Venturing beyond budget smartwatches, I recently got my hands on the Huawei Watch GT 4. Since it was my first time using a more expensive smartwatch, the Watch GT 4 was quite a refreshing experience. In this review, I share my insights on its design, display, health-tracking features, and how it compares against the more popular ‘WearOS’ watches.
Huawei Watch GT 4 Specifications:
41.3 mm × 41.3 mm × 9.8 mm
46 mm × 46 mm × 10.9 mm
|37 gm (without strap)
|48 gm (without strap)
|White Leather, Light Gold, Silver
|Black fluoroelastomer, Brown leather, Green Nylon Composite, Stainless Steel
|323mAh (Up to 7 days)
|524mAh (Up to 14 days)
|Huawei HarmonyOS 4.0
|Accelerometer, Barometer, Gyroscope, Magnetometer, Optical Heart Rate, Temperature
|24-hour heart rate, SpO2 monitoring, Sleep, Stress tracking, Women’s health, skin temperature monitoring
|100+ sports modes
|Bluetooth (Supports Bluetooth calling)
|Built-in speaker, microphone
|Dual-band Five-system GNSS (GPS, BeiDou, GLONASS, Galileo and QZSS) with Enhanced Satellite Antenna Array
|IP68, 5 ATM water resistance (waterproof up to 50m)
|HarmonyOS 4 or later, Android 6.0 or later, iOS 9.0 or later
|Huawei Health (Android, HarmonyOS | iOS)
|Price in Nepal
Huawei Watch GT 4 Review:
Design & Build
- Stainless Steel frame
- 41/46 mm case
- 37/48 gm (without strap)
- IP68 certified, 5 ATM water-resistant
Let me start things off with what appealed to me the most. The boxier octagonal design on my 46mm variant paired with a brown leather strap exudes a traditional look different from the smartwatches I’ve tried in the past. As such, I sported the watch in all kinds of events from regular meetings to festivals without feeling out of place.
Whereas I think I’d be equally fond of its smaller 41mm model too that looks more ‘elegant’ with its clean, lug-free design.
Huawei also lets you pick from all kinds of strap options, so as far as design is concerned, the Watch GT 4 is easily among the best you can get in this price segment.
And as always, there’s not much compromise on the build quality either. Thanks to its stainless steel case and IP68, 5 ATM rating, the GT 4 has survived through my everyday rough and tumbles just fine.
Getting around the watch also feels quite familiar with the rotating crown and programmable button below.
- 1.32/1.43-inches AMOLED panel
- Circular dial, Always on Display (AoD)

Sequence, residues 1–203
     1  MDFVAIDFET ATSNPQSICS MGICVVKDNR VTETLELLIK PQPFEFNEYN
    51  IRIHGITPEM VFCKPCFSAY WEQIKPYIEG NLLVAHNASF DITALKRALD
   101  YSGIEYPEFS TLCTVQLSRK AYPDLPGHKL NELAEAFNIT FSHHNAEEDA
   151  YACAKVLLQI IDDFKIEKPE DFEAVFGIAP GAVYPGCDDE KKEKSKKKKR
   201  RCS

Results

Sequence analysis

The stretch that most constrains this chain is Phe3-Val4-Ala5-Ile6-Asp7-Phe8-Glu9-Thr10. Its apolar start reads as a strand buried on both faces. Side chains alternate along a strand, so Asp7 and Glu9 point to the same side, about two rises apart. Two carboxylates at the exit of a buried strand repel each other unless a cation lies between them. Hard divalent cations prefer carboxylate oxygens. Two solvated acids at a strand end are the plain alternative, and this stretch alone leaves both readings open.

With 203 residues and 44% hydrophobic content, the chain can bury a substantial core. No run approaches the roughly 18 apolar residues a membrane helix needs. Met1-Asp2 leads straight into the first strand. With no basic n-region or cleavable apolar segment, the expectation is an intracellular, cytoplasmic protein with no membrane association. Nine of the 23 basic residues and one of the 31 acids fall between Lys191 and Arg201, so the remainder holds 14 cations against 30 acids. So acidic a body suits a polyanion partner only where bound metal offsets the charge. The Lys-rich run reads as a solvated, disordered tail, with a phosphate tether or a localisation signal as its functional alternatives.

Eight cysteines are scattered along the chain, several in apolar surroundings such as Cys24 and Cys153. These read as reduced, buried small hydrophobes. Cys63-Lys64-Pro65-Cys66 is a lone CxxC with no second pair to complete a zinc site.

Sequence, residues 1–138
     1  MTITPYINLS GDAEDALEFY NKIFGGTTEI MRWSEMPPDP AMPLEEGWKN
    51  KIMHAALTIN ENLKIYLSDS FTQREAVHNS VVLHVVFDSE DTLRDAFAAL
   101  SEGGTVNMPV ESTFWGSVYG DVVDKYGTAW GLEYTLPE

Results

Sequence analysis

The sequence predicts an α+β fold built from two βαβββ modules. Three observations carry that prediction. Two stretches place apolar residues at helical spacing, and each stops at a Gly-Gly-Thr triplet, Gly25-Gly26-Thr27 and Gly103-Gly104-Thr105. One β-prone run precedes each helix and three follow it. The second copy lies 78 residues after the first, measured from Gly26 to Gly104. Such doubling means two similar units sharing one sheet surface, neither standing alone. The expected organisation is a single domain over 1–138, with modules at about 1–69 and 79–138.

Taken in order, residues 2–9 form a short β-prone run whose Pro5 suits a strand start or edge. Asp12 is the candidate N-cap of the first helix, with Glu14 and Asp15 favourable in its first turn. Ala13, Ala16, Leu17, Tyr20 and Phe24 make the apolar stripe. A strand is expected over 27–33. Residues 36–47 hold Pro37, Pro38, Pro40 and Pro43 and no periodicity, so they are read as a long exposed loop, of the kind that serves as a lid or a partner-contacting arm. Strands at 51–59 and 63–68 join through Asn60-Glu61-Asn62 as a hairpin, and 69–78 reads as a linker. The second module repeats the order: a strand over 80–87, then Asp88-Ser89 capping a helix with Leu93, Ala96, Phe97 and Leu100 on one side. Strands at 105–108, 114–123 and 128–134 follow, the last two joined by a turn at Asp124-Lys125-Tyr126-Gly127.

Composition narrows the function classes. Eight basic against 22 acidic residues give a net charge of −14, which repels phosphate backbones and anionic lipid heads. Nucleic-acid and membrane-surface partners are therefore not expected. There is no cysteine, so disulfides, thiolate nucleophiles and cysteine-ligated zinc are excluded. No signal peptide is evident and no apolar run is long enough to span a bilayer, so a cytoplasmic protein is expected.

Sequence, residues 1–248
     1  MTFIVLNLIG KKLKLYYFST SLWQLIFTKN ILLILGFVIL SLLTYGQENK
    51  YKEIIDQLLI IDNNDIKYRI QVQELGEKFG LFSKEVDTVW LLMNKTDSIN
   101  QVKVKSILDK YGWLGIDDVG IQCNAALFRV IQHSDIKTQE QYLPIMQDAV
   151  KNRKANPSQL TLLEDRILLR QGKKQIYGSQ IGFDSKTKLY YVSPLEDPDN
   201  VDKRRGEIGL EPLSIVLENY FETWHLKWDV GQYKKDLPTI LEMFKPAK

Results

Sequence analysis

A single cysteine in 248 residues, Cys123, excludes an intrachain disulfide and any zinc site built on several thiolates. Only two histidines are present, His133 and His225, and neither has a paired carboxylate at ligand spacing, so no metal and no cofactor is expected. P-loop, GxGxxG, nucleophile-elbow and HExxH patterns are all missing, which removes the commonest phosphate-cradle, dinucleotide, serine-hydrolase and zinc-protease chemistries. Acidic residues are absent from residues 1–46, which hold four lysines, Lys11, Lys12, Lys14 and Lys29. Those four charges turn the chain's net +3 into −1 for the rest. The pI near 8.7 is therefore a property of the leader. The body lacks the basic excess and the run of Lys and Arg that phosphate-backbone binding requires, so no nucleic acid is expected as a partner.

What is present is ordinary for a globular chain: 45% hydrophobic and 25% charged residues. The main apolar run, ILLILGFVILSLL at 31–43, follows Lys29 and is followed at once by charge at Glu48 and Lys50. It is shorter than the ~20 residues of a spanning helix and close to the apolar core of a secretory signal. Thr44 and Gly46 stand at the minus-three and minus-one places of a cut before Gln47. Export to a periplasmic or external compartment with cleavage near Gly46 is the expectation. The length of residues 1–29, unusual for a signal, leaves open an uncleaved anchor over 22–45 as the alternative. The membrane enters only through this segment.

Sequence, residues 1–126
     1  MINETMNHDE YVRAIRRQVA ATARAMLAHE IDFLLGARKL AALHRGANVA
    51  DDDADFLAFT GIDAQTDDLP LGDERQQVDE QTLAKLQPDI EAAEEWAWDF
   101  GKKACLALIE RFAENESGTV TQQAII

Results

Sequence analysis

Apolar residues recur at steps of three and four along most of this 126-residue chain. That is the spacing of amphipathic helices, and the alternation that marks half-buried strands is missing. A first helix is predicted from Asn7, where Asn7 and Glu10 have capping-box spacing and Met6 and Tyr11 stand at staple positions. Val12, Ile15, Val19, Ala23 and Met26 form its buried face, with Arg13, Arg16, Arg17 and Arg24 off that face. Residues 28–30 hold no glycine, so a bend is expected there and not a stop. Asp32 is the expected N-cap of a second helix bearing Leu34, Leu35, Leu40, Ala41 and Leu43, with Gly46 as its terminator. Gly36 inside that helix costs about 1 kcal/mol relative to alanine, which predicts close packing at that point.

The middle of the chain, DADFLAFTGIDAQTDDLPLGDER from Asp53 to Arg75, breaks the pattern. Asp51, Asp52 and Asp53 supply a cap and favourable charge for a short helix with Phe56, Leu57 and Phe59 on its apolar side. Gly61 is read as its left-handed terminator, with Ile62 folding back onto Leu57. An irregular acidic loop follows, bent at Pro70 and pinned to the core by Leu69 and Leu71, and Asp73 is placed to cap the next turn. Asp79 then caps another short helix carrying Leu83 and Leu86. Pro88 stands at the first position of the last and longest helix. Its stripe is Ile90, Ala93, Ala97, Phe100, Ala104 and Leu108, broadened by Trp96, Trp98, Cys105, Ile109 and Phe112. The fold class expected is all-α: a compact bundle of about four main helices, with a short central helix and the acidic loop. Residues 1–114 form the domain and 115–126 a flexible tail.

- No protection
As for the actual display itself, it’s a large 1.43″ AMOLED panel that looks sharp, gets bright outdoors, and is quite responsive to touch as well. No complaints here.
Huawei’s selection of watch faces is quite generous as well. I can customize complications on a bunch of the preloaded ones or create my own. The ‘Kaleidoscope’ option really amused me with how a simple-looking image can be made so ‘artsy’ and ‘abstract’.
I must say I’m a little disappointed to see that Huawei hasn’t given any sort of protective layer on the display though. I mean I haven’t suffered from any scratches so far but I can’t tell you how it’ll hold up long term.
Health, Fitness Tracking
- 24-hour heart rate, SpO2, Sleep, stress tracking
- 100+ sports modes
When it comes to health and fitness tracking, Huawei has done a good job on the Watch 4. The watch features TruSeen 5.5+ tech which refers to the combination of both heart-rate monitoring hardware (the sensor) and all the software algorithms complementing it.
Huawei says that they have greatly improved heart rate readings during strenuous workouts with an enhanced AI algorithm and better sensor placement on your wrist. And compared to an oximeter, I found the watch’s reading to be precise enough.
To test its accuracy, I put it against the much pricier Samsung Galaxy Watch 6 Classic under a high-intensity interval training workout, as you can see, both of them logged my heart rate and calorie data quite closely. Impressive!
Other than this, its blood oxygen and skin temperature readings didn’t seem out of the ordinary either.
Sleep tracking with the updated TruSleep 3.0 algorithm is also pretty insightful. It gives an in-depth breakdown of your sleep cycle including different stages and assigns a score to understand it better.
The Watch GT 4 is supposed to monitor signs of apnea — aka abnormal breathing during sleep — too. And I’m not sure if Huawei has region-locked it or something, but I simply couldn’t find that option anywhere on my Watch GT 4.